Foundation students first walked into the $64 million stage one buildings at the start of this year – and just eight weeks later COVID-19 arrived.
Suddenly the college’s prepared and planned learning paths had to change, students had to switch to online lessons and teachers had to find ways to adapt.
Deputy Premier Steven Miles, the State Member for Murrumba, says it was an “incredible start”, which students handled with “maturity and resilience. We are all so proud of them.”
Foundation Principal Michael Rogers agreed: “We started the year really well. The first day was my proudest moment, seeing students arrive in their uniforms, teachers happy and smiling.
“Then we had to put the brakes on everything.”
“The challenge of online learning in a new school, where teachers were constantly creating things was massive. We were writing curriculum pretty much all the time,” Mr Rogers explained.
“But our teachers did a fantastic job and I think we’ve come out the other side really well. I was so proud of our students today, how they carried themselves and represented the college.
“Our vision is to create a community of Respectful, Engaged and Aspiring Learners (REAL) for the world of tomorrow.”
Mango Hill State Secondary College has 50 staff and 245 students and construction of stage one supported about 200 local jobs.
Education Minister Grace Grace, who helped officially open the college, said the new school was built on time, on budget – and building stage two was now out to tender.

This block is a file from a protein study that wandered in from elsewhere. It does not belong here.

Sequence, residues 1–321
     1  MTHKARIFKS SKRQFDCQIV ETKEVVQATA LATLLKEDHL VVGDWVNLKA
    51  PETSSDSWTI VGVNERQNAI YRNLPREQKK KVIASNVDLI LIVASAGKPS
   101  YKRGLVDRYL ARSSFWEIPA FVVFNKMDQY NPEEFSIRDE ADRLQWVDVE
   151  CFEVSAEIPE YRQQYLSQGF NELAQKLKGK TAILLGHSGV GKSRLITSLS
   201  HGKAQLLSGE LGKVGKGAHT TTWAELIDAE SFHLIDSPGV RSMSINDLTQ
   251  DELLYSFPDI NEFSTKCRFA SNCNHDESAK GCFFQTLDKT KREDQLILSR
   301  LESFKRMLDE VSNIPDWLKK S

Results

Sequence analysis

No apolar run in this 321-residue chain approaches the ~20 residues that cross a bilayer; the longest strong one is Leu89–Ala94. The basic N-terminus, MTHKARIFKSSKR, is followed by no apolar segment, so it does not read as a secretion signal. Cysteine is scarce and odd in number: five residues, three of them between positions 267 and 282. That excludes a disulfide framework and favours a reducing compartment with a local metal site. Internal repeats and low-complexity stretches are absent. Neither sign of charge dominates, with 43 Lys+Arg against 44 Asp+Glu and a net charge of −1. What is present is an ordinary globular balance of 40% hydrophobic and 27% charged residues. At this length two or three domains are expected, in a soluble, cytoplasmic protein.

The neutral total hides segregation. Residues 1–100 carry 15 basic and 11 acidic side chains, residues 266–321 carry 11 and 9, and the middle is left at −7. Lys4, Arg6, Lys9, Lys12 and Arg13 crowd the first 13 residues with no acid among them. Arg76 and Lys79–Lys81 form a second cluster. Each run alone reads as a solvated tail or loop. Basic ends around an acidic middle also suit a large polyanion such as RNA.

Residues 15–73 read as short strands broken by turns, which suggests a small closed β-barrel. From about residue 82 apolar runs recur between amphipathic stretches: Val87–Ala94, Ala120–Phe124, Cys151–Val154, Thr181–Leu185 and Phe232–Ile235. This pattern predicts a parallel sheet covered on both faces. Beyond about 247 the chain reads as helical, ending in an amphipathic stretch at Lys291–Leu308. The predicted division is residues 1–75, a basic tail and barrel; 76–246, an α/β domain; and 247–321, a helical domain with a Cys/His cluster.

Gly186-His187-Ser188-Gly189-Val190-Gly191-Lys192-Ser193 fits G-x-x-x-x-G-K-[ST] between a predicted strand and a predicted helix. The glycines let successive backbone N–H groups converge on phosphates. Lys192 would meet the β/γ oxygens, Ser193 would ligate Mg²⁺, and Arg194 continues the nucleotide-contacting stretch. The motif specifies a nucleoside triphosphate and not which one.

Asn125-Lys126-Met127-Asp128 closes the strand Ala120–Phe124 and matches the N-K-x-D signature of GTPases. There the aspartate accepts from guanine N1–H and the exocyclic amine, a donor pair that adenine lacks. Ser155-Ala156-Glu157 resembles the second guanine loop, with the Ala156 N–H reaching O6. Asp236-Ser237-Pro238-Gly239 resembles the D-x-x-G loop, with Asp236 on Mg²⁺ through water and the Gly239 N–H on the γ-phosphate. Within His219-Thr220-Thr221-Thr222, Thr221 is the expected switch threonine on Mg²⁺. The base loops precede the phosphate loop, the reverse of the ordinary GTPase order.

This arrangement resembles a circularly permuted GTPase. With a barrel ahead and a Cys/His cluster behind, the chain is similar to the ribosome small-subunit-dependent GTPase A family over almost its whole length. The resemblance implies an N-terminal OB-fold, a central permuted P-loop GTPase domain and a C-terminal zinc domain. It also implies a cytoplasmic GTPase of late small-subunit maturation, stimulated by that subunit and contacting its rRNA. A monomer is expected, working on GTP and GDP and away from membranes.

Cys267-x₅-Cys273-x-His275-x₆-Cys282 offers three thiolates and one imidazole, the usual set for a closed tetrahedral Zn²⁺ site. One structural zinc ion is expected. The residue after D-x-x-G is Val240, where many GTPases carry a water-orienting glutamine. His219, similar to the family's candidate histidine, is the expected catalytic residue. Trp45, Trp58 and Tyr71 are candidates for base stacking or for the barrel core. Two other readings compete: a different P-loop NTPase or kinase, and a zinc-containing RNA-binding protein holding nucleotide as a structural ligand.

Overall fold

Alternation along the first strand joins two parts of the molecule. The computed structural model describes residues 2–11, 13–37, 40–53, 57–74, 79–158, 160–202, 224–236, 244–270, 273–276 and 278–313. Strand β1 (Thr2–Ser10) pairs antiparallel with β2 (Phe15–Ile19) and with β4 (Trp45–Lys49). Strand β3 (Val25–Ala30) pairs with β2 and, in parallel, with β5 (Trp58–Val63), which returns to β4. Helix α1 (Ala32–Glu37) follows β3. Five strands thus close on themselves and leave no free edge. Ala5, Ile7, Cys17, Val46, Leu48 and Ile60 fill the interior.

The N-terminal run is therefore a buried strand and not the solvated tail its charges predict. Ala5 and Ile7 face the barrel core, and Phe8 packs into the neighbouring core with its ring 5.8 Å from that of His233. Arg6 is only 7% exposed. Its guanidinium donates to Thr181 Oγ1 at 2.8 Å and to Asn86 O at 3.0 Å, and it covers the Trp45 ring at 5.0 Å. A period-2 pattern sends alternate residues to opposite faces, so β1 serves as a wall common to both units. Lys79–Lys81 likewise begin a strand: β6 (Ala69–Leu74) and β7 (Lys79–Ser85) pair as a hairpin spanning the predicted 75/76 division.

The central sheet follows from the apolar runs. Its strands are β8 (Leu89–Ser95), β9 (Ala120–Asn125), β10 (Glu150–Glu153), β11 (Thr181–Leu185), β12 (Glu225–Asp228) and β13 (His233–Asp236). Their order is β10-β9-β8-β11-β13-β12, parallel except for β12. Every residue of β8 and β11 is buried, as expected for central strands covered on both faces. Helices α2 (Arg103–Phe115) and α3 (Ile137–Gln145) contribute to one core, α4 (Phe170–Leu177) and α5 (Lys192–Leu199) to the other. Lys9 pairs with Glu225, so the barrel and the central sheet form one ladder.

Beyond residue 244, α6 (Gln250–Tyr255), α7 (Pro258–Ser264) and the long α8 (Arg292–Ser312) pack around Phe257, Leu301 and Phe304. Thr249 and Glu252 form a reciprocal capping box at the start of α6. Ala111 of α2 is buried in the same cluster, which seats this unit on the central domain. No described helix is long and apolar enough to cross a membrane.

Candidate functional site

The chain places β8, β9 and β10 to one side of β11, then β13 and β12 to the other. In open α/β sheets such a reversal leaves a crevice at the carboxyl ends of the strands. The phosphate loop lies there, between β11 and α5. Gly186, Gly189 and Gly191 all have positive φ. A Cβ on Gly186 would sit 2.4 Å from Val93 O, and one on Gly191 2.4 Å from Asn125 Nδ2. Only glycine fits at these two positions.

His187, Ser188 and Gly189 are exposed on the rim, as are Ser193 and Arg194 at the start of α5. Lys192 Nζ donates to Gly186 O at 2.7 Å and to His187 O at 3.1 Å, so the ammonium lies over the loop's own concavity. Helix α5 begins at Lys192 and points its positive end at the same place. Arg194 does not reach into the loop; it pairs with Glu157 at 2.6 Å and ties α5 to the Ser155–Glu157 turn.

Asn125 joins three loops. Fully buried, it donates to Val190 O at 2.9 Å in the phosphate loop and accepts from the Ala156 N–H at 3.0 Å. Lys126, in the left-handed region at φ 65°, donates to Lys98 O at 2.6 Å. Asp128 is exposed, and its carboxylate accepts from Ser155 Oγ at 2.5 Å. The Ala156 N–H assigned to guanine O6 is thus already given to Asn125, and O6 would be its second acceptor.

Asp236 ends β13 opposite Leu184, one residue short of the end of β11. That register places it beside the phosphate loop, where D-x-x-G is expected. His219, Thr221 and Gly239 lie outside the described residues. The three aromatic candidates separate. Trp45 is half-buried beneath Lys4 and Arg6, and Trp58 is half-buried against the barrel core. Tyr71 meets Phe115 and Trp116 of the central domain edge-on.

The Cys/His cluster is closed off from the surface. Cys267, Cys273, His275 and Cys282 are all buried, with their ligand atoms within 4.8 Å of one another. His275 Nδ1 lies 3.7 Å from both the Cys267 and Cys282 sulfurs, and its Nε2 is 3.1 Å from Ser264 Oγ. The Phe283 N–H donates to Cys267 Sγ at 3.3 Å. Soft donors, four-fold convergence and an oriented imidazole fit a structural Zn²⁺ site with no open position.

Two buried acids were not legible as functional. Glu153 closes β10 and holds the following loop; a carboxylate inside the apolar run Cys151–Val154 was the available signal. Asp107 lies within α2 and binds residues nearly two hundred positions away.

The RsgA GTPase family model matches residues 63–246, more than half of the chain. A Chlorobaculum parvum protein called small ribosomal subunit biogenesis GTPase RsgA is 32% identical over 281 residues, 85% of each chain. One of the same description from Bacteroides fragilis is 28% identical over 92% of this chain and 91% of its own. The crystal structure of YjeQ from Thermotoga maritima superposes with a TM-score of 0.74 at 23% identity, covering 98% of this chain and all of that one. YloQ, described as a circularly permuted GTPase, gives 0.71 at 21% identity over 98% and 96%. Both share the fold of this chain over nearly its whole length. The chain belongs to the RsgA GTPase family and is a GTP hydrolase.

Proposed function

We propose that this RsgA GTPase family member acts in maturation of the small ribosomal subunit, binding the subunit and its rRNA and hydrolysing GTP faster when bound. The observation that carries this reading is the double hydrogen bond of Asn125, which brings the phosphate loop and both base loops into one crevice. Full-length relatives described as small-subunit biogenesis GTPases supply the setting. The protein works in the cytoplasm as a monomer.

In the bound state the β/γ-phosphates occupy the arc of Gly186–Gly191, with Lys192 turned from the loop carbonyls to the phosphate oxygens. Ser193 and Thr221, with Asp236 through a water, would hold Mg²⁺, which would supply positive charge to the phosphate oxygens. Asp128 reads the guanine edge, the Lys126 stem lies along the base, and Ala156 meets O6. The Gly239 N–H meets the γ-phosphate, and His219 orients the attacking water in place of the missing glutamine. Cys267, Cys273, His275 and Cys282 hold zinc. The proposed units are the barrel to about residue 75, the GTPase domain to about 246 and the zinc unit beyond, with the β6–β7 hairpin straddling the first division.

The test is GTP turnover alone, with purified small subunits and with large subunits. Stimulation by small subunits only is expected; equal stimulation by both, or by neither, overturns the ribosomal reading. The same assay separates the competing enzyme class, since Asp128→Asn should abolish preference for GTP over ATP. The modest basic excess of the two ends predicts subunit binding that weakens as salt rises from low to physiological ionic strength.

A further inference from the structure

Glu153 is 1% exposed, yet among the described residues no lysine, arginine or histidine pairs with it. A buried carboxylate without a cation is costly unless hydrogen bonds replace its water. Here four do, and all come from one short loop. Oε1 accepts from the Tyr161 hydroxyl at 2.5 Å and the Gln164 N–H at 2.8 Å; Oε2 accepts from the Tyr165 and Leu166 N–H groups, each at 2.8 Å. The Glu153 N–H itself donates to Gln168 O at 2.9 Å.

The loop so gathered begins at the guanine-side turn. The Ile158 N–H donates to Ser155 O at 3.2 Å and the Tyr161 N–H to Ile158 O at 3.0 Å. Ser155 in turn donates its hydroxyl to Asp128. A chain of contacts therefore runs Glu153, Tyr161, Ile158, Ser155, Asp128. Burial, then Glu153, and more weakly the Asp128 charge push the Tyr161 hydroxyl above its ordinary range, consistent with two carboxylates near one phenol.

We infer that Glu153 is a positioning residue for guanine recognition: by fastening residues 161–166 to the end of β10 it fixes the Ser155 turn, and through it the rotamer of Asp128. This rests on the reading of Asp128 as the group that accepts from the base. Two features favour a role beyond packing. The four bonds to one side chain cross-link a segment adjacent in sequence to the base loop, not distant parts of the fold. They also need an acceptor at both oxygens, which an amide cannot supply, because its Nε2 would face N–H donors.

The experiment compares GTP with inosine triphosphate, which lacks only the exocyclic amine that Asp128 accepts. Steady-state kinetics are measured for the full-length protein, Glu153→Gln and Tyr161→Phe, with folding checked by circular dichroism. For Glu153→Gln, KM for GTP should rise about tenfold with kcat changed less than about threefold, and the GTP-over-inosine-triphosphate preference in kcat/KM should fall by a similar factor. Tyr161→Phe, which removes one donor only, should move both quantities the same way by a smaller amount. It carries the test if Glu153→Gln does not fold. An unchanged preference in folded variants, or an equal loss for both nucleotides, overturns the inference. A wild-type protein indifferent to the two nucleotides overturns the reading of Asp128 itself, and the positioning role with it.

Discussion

“This state-of-the-art secondary college has a range of different facilities that students and staff love,” said Minister Grace, “now we are getting on with building stage two which will support even more jobs.”
This will include a senior science technology engineering and mathematics (STEM) centre; food and hospitality, art and design and performing arts centres as well as more classrooms.
A new 525m, $350,000 pathway will also be built for students walking or riding to the college, says Moreton Bay Regional Council Mayor Peter Flannery.
“I would like to thank the State Government for the Works for Queensland funding and particularly the advocacy of Deputy Premier Steven Miles for the missing pathway link along Kinsellas Road East,” Mayor Peter Flannery said.
While in the region, Education Minister Grace and Deputy Premier Miles also visited Griffin State School to officially open its $19.8 million extension.
The Deputy Premier recounted his first conversation with Minister Grace on the need to expand. The Minister asked: “How many rooms? Two? Four?” The response was 27!
The expansion includes a two-storey, 14 classroom teaching block space for digital and technology learning and outdoor learning spaces; a two-storey, 12 classroom block; a new Prep to Year 1 block, play areas and the SS Griffin playground ship.
“This school started in 2016 with around 240 students and is now thriving with the community to back it up, with more than 940 enrolled,” the Deputy Premier said.
“Today we’ve officially opened three new buildings to ensure our children have the best possible learning opportunities.”
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